When I saw the first trailer for this movie, I thought, “No one but me is going to go see this movie.” But you know, it’s the most successful movie Robert Rodriguez ever released. And I guess it was a success — the film grossed $85.7 million domestically and $319.1 million in other territories for a worldwide total of $404.9 million.
That’s good, right?
Well, to break even against marketing costs, the movie had to make around $500 million, so it either lost $53 million or barely broke even. Dude, I’m sweating making my minimum payments on my credit cards and these dudes are farting around with figures where $53 million — the amount of money that Mario Bava could have made Danger: Diabolik thirteen times.
PS: I had to do the math for what that movie cost in Italian lira versus U.S. dollars, then do the inflation calculation from 1968 to today. I laugh, because I once said that I would never use math.
So yeah — how did a movie based on Japanese manga artist Yukito Kishiro’s 1990s series Gunnm and the 1993 original video animation adaptation Battle Angel ever make it to U.S. screens?
Guillermo del Toro told James Cameron about it — way back before Avatar. The film sat for years before Cameron asked Robert Rodriguez to condense and combine his 186-page screenplay as well as 600 pages of notes into a shooting script. That work led to Rodriguez getting the directing job and hey — we have a movie.
2563 and we’re already three hundred years after the Great War nearly killed everyone on Earth. That’s when cyborg scientist and part-time bounty hunter Dr. Dyson Ido (Christoph Waltz) finds a disembodied female cyborg in the scrapyard of Iron City. He names her Alita after his dead daughter and saves her human brain.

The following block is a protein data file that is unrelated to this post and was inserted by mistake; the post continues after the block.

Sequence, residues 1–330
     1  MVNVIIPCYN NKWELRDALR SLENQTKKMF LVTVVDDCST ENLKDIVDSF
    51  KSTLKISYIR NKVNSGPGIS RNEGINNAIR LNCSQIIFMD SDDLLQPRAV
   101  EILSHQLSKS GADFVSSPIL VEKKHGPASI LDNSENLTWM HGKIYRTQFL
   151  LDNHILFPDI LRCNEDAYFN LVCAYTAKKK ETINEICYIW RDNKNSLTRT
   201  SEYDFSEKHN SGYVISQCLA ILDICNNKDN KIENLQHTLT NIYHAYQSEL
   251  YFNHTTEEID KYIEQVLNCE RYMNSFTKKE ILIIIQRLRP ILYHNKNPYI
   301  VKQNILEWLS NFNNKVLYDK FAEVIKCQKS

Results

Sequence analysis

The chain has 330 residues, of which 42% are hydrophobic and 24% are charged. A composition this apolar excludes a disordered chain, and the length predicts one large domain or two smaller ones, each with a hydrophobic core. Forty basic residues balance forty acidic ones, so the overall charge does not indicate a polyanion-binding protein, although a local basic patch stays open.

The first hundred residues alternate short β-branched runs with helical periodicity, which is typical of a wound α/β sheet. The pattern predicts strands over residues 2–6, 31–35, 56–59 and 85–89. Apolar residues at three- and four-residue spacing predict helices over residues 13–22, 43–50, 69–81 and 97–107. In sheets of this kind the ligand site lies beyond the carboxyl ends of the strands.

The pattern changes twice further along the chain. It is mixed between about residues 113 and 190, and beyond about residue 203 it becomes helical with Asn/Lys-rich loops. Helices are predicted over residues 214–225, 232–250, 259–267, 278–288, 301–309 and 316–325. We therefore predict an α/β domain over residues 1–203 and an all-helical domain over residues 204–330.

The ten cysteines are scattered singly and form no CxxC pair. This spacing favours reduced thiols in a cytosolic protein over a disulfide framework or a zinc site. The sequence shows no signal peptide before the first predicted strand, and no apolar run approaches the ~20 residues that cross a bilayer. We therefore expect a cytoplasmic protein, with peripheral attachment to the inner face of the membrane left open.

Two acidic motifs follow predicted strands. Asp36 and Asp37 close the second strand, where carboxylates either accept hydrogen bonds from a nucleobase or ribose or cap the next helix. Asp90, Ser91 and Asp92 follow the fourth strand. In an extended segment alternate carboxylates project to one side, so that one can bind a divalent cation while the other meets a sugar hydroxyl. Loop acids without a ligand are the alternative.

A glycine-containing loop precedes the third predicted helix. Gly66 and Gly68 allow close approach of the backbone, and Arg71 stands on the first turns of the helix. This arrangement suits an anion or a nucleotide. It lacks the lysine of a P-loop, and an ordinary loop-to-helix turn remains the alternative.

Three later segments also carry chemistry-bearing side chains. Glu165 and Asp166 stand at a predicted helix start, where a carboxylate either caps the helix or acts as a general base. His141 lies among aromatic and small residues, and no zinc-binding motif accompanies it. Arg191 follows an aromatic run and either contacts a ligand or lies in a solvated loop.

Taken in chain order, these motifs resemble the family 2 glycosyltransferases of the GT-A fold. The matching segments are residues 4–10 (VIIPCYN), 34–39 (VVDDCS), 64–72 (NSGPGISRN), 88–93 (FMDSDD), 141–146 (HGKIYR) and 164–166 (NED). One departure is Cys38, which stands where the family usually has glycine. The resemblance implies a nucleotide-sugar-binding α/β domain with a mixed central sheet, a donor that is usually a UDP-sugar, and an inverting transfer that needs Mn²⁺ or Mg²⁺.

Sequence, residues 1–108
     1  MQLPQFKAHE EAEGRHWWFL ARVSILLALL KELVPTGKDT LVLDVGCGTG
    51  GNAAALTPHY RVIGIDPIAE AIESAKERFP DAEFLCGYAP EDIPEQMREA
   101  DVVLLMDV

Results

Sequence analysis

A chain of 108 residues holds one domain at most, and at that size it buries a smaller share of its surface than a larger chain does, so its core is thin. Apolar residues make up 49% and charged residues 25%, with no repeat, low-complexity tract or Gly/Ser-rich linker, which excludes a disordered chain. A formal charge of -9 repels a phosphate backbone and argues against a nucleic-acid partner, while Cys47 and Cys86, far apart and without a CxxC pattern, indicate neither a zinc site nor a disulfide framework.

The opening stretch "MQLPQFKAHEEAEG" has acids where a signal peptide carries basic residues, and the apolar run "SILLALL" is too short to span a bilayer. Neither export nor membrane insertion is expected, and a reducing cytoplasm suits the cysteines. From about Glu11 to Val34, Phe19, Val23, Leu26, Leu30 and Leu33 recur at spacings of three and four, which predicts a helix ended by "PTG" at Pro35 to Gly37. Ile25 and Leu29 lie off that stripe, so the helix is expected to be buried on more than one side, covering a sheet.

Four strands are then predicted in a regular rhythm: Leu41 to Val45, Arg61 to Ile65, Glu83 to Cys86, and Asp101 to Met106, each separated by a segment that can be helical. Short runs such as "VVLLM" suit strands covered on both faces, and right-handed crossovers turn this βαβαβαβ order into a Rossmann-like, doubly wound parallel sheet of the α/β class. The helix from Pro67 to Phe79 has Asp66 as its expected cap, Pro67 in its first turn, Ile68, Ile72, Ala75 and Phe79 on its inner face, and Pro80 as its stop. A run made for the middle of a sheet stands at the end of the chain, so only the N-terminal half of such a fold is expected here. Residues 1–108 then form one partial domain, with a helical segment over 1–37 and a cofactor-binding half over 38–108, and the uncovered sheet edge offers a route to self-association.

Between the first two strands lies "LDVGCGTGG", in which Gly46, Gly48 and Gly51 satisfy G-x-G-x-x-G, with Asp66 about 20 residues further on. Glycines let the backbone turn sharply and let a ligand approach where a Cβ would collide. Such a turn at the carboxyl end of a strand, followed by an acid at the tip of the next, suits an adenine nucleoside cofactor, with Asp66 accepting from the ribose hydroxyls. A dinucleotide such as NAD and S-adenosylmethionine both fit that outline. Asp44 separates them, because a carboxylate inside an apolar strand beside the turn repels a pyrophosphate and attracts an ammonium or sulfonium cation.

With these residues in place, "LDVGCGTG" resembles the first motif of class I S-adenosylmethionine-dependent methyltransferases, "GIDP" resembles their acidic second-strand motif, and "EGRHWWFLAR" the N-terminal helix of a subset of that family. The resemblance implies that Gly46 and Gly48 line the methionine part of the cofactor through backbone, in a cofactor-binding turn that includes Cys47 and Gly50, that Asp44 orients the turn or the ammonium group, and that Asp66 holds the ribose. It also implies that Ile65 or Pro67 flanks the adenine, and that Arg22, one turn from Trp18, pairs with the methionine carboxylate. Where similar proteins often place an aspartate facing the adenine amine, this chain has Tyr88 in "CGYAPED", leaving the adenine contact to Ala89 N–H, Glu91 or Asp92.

Alita is in love with the city and meets all manner of people, from Ido’s ex-wife Dr. Chiren (Jennifer Connelly) and a kid named Hugo who introduces her to the sport of this new world, Motorball.
However, Hugo has a big secret: he really works for Vector (Mahershala Ali, who was astounding in the third season of True Detective), the man who runs Iron City and Motorball.
Alita also learns her father figure’s secret — he’s a bounty hunter — and when she trails him one night, she saves him from a gang of cyborg killers. One of them, Grewishka (Jackie Earle Haley), hounds our heroine for the rest of the movie. Alita dreams of bigger things and her past life where she was a Berserker, one of the soldiers of the enemy United Republics of Mars.
You know, maybe reading the manga would have made this all much easier.
Alita goes off and registers herself as a Hunter-Warrior, but is unable to rally any of the other hunters to help her stop Grewishka, who is working for Nova (Ed Norton). Alita’s body is nearly destroyed by the killing machine before Ido, Hogo and dogmaster McTeague (Jeff Fahey!) save her.
Now in a new Berserker body, Alita soon takes over the Motorball league, but loses the love of her life due to the machinations of Nova and his soldiers. The film ends with Alita as a Motorball star, promising that she will someday get her revenge.
You know all that money I mentioned at the top? It didn’t really matter in the long run. That’s because this ended up being the last Fox movie ever made, as Disney purchased the studio, moving us closer to the corporate-controlled world that this movie portrays.
I enjoyed this, but I have no idea how anyone else would react to a movie based on a manga from the 90’s made for a worldwide audience. It’s one of those movies where it cost so much that there’s no way that anyone would see any money from it. But man, it looks really cool, right?